Five ways to becoming a better writer: Tuesday

Writers write, right? Here are five things you can do this week (with me) to become a better writer. And since big projects tend to scare (and excite, but mostly scare) me, we can take it day by day.

Tuesday: Compose a deep and honest evaluation of your writing. What are your strengths (setting, dialogue, action, insight)? What can you do to bring out and play up your strengths?

This is a difficult challenge. I see my weaknesses easier than my strengths, so I’ll start there first.

Weaknesses I struggle to get to the point. I struggle to end a story. I get distracted by plots and sub-plots, and I end up spending 90% planning and 10% writing. I’m too critical of my writing. Yes, this is a weakness. The writing process should be separate from the editing process, get the ideas down first, but I tend to go back and fix sentences as I write.

This makes the writing process quite long. It also makes the editing process quite difficult. By the time I have the story, I’m so sick of it from staring at it for hours, I end of shredding it (sending it to Recycle Bin).

In Afrikaans we have an expression, “wik en weeg”. I do that. I weigh my words too much, look around too much, try to be perfect too much. I freak out about split infinitives when in fact, those people who are brave (or stupid) enough to split their infinitives often get the story down much faster than me, and their stories could be more exciting.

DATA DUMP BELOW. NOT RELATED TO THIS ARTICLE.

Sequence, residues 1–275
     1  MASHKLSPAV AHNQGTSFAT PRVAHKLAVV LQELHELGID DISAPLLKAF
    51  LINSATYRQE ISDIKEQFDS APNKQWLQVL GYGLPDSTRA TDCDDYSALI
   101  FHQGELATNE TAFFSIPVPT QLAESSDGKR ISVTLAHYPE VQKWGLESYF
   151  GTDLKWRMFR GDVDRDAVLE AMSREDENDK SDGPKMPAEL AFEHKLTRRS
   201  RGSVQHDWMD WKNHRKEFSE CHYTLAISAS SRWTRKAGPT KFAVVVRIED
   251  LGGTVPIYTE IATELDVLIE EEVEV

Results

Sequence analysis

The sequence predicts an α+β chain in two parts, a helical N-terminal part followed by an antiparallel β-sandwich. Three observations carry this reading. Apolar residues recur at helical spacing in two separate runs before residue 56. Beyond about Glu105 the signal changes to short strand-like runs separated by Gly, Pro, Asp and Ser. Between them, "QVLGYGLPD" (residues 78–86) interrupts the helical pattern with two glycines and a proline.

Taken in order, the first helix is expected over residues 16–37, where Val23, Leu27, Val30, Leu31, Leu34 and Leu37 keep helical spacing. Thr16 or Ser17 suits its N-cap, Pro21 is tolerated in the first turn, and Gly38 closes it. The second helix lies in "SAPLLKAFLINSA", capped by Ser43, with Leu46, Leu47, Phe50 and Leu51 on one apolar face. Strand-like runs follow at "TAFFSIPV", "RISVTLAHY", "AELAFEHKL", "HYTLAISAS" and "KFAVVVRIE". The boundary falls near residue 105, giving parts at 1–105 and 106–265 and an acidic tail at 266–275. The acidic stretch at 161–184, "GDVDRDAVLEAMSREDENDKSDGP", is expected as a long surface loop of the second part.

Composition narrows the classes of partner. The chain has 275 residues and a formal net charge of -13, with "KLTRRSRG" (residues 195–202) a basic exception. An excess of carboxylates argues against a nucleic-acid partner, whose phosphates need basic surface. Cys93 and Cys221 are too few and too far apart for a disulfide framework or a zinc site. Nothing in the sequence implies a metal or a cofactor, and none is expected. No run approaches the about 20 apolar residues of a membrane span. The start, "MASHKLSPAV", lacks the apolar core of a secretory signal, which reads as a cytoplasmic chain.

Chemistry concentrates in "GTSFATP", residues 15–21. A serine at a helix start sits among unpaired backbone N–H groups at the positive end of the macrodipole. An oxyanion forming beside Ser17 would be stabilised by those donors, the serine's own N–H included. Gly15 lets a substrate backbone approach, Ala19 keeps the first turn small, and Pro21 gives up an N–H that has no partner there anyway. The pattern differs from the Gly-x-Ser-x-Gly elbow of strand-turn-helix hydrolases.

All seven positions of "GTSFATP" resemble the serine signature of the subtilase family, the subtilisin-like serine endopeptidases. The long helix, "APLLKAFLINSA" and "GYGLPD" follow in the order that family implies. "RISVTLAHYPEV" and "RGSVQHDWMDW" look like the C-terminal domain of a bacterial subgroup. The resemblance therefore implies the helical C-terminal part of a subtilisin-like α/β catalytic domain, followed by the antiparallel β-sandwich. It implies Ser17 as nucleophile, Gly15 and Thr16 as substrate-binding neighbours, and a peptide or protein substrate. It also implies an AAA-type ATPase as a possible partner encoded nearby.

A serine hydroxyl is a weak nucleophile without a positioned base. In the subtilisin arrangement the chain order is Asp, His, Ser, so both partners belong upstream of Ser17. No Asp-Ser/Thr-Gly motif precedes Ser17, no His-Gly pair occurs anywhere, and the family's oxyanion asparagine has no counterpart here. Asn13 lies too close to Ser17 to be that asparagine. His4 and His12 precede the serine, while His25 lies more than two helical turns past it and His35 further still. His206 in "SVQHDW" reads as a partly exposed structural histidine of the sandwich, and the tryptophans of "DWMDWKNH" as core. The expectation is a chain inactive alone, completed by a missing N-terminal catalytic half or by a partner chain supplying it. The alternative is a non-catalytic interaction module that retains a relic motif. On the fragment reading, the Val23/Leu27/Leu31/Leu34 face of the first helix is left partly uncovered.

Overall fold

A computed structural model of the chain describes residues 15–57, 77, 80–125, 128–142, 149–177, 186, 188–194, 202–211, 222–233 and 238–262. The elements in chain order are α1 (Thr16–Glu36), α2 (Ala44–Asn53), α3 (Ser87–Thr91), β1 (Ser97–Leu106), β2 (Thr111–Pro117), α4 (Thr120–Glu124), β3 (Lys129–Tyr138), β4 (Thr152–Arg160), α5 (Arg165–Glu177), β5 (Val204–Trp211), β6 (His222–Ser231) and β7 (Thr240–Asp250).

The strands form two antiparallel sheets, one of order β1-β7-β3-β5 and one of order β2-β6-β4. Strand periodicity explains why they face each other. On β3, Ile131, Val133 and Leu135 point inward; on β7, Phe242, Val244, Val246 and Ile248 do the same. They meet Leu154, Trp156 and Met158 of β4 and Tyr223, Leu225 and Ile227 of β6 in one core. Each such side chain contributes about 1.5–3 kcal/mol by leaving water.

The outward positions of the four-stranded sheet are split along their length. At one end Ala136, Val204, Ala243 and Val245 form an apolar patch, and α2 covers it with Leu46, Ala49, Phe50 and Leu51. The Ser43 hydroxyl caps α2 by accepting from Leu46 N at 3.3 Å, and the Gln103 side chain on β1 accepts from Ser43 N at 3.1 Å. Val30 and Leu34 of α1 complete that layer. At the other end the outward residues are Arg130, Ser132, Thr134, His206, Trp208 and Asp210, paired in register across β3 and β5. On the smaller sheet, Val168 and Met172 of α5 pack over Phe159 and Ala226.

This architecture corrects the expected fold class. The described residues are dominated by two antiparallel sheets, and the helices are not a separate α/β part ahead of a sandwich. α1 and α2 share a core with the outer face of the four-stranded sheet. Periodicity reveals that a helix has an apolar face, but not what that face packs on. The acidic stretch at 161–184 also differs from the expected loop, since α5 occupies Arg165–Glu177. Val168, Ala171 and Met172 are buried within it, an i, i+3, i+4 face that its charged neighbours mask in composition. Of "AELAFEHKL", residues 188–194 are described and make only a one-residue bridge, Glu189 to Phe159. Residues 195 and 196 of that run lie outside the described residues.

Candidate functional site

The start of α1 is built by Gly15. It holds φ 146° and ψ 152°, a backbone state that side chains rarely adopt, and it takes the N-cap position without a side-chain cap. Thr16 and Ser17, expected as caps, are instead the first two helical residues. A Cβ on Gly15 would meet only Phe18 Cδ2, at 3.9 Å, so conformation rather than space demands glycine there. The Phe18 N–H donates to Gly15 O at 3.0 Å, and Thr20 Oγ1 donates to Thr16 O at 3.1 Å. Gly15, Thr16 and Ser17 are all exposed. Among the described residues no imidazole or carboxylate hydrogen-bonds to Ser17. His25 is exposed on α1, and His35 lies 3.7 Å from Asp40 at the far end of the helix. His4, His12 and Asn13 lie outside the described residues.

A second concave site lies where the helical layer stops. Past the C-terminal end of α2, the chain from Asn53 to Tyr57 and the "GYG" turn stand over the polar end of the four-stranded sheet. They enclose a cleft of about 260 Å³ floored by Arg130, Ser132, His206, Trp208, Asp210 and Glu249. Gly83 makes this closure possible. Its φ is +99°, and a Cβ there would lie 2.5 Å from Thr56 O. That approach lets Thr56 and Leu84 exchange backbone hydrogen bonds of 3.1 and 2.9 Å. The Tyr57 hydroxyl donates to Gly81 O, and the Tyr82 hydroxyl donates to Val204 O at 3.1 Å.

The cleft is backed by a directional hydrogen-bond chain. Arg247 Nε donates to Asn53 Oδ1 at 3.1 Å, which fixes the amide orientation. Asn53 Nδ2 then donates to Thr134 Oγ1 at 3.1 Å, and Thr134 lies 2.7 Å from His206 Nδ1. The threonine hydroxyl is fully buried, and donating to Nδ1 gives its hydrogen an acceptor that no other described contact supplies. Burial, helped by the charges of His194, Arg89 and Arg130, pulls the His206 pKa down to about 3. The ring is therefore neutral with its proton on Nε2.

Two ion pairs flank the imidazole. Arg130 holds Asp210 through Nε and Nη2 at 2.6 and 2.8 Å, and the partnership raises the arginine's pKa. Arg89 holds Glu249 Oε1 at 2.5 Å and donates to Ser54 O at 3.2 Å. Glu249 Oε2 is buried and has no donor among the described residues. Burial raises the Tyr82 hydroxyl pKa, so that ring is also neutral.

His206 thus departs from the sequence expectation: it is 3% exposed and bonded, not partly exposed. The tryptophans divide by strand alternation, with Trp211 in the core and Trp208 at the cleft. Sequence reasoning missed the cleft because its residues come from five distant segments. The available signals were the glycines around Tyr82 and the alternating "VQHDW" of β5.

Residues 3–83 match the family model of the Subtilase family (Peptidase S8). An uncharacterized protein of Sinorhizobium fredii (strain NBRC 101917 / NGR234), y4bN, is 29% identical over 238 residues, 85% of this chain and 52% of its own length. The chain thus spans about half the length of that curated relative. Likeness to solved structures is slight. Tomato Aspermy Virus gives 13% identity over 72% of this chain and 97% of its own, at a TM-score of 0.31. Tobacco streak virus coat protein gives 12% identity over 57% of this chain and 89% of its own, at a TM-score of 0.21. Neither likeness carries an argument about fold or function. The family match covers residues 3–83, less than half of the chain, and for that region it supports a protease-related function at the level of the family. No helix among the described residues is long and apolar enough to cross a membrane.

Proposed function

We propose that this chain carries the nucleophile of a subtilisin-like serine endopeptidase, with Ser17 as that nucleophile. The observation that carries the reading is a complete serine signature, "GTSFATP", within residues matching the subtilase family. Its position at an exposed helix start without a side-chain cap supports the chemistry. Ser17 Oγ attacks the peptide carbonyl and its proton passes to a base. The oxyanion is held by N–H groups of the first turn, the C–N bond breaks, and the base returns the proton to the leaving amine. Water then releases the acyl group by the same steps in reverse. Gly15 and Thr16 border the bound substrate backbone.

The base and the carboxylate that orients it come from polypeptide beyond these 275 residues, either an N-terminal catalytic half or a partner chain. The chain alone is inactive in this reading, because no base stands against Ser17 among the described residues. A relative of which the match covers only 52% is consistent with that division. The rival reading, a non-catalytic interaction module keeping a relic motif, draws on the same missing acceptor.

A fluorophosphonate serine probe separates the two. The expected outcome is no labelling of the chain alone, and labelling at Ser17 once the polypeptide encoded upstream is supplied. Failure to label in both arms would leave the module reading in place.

I also won’t write the story unless I really understand the subject matter, which, especially when writing about insurance, can take me a long time.

Now for the strengths

I am a great editor. (Note how I edited out the ‘very’, replaced it with ‘damn’, then cut the adjective out altogether.) My pedantic nature is good for that, I am ruthless with killing my darlings.

I always try to be different. Has this sentence been written like this before? How can I write it better? How can I make my verbs sing, my nouns shine, my adverbs glitter?

I base my characters on real people. Some shit you can’t make up. The people I have met in my short life have enlarged my life. The people I grew up with, the people I met along the way, have all taken root in that place in my mind where creativity sprouts.

I’m good. When my anxiety and paranoia is under control, my writing is controlled, prim and proper. But when I let my neuroses fly free, I’m excellent! (I’m biased, of course).

I read. I read anything and everything. When I’m down I read Terry Pratchett, he picks me up every time. I read in English and Afrikaans, I even read in Dutch at university and German in school. I have a knack for languages. I learned Korean at a university in South Korea, and I pick up sounds like little sticks of meaning.

I use all my senses when I learn words, how it sounds, how it feels on my tongue, what the word looks like, etc.

What was the questions? (Scroll back up).

How can I bring out my strengths?

Write more. Read more. Play with sounds and meanings and pictures. Find a quiet spot once a day and experiment. Write drunk, edit sober. Trust in my abilities. Construct one character a day and make him dance in the veld. Read more. Let others read my stories. Breathe.

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